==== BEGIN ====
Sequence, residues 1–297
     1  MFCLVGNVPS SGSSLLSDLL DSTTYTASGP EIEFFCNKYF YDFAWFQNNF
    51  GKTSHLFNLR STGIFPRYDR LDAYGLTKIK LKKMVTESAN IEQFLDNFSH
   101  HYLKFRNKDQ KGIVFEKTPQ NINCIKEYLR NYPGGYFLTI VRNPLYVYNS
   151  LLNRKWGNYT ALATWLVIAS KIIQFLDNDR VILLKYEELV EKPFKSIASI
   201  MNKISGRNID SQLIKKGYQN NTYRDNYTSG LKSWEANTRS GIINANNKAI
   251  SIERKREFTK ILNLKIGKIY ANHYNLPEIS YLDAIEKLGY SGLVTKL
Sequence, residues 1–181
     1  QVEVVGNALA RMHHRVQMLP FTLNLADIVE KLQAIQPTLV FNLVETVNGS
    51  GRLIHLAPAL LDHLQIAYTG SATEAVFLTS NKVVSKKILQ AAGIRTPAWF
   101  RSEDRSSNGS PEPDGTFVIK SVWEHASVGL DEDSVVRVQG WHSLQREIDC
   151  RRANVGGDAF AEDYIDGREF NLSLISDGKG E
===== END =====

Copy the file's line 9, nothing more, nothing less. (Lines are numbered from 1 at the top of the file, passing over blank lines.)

     1  QVEVVGNALA RMHHRVQMLP FTLNLADIVE KLQAIQPTLV FNLVETVNGS